Cow’s milk is also low in vitamin C and vitamin D and contains less vitamin A than human milk. The high protein, sodium, potassium, phosphorus and chloride content of cow’s milk can place a strain on immature kidneys, forcing them to draw water from the body and so increasing the
risk of dehydration.

It gets worse! The modern dairy cow is prone to stress and disease, with mastitis – an inflammation of the mammary glands – affecting 50 per cent of cows every year. In response to the infection, the cow’s immune system produces somatic (pus) cells which are then excreted in the milk – the milk people drink! EU regulations allow a maximum limit of 400 million somatic cells per litre of milk. So one teaspoonful of milk could contain up to two million pus cells!

There has been a growing trend for low-fat milk and dairy products for supposed health reasons but this type of milk is also linked to a range of illnesses and diseases, which suggests that something in milk other than fat is responsible.The suspected guilty parties which are attracting scientific attention are a wide range of so-called ‘bioactive molecules’, which include both  hormones and substances called ‘growth factors’.

Again, it’s important to remember that cow’s milk is from a different species and is geared to the nutritional needs of calves. Just like us, cows don’t produce milk unless they’ve recently given birth. Dairy cows are artificially inseminated every year and their pregnancy lasts nine months. Two days after birth, the new-born calf is taken from his or her mother and her milk is taken for human consumption.

Within two months of giving birth she is impregnated again yet milking continues until the last two months of pregnancy. So, for seven months, she is lactating and nurturing a growing calf inside her. This cycle continues until she is worn out, at around three pregnancies, and killed.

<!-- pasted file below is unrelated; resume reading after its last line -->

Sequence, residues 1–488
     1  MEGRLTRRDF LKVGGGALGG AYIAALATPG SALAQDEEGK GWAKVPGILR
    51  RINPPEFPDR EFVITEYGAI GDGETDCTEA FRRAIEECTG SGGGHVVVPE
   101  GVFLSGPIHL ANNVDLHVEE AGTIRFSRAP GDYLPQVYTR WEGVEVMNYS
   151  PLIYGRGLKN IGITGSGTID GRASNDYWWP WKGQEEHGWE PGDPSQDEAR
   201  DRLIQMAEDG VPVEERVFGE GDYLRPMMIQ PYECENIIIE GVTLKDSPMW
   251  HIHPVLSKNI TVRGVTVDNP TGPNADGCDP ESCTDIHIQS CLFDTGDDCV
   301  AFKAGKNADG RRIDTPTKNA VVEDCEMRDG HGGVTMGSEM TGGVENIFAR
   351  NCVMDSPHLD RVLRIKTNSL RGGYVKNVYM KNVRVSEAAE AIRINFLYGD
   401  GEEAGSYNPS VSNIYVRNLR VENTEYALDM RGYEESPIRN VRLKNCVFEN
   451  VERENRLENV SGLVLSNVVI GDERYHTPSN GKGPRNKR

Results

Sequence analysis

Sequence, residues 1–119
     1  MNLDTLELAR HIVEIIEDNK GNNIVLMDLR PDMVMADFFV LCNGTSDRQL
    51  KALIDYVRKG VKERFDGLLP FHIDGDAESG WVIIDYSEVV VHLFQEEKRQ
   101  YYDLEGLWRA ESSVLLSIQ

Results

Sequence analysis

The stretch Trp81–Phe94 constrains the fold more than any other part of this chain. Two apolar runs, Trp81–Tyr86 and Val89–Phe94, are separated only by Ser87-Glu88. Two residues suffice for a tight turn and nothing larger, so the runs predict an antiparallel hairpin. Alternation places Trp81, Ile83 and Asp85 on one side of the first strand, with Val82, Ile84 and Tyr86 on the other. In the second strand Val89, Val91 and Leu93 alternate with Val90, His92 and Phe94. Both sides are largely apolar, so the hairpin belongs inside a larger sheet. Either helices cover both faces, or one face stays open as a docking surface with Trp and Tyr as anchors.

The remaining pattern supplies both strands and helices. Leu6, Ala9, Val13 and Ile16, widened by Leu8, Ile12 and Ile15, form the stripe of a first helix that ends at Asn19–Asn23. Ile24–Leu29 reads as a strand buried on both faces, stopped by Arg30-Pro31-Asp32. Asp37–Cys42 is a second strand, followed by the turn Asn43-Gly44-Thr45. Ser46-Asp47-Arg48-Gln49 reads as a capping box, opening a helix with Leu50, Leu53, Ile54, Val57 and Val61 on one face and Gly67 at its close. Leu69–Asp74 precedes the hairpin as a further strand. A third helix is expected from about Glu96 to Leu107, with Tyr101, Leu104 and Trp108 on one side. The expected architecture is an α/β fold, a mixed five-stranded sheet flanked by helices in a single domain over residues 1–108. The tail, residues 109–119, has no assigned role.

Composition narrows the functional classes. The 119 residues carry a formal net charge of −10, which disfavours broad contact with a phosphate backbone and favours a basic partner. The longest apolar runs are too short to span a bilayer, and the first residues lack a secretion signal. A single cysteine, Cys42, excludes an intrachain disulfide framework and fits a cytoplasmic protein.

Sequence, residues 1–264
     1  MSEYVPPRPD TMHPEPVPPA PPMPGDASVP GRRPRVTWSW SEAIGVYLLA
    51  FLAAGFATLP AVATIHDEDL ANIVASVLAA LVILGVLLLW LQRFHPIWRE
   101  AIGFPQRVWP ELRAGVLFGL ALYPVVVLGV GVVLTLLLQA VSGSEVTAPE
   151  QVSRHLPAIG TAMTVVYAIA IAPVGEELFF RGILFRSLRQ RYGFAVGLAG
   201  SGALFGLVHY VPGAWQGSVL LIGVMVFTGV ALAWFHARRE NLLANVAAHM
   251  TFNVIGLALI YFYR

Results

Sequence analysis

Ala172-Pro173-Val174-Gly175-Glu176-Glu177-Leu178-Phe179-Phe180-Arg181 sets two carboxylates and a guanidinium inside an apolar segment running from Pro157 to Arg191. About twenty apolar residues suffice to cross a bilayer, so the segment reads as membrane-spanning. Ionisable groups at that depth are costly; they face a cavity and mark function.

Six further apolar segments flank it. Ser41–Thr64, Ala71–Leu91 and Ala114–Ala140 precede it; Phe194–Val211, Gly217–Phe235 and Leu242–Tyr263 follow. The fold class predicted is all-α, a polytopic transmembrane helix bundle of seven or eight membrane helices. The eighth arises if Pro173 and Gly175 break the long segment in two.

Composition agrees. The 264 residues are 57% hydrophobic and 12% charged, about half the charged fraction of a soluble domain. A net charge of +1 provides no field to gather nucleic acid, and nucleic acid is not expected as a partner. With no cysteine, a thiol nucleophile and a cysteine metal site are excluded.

All milk contains hormones and growth factors and the level in a dairy cow varies hugely, depending upon whether she is pregnant or not and the stage of the pregnancy. At least two-thirds of all cow’s milk in the UK comes from pregnant animals and is causing particular concern to some researchers because of its oestrogen content. The likelihood is that cow’s milk is one of the major sources of oestrogens in humans.

The second big concern is over something called ‘insulin-like growth factor 1’ (IGF-1) which occurs naturally in the blood of both cows and humans and particularly in their milk. It has been linked to several cancers. The concern is that its molecules may not be broken down during pasteurisation or digestion, pass through the intestinal wall and be absorbed into the blood. It’s known that this happens with another, different growth factor and is likely to be the same with IGF-1.

The outcome could be that on entering the blood, cow’s milk IGF-1 adds to and increases the body’s normal level. Because it regulates cell growth and division the fear is that it may cause human breast cancer cells to grow – which is what has happened in laboratory studies. Even a small increase in levels of IGF-1 in the blood is linked to a higher risk of prostate, breast, colon and lung cancer.

Studies have shown that IGF-1 levels are higher in people who consume milk and dairy products and one of them actually put some figures on it. Increasing the amount of cow’s milk drunk from 200 to 600ml a day produced a massive 30 per cent increase in IGF-1 in the blood.

What isn’t yet clear is whether this increase is caused directly by cow’s milk IGF-1 crossing the gut wall or for other reasons. Whichever, the research is clear that cow’s milk and dairy products increase levels of IGF-1, which in turn increases the risk of various cancers.

Milk is a food that nourishes baby mammals and to do so it carries signalling molecules made up of hormones and growth factors.They carry the messages from mother to infant, directing its immune and other systems, enabling it to grow up healthily. It is for this reason that cow’s milk is perfect for calves but is not at all suitable for us.

 


About the Author

Justine Butler

Dr. Justine Butler is the senior health researcher and writer at Viva! She joined as a health campaigner in 2005 after graduating from Bristol University with a PhD in molecular biology. She also holds a BSc in biochemistry, and a Diploma in nutrition.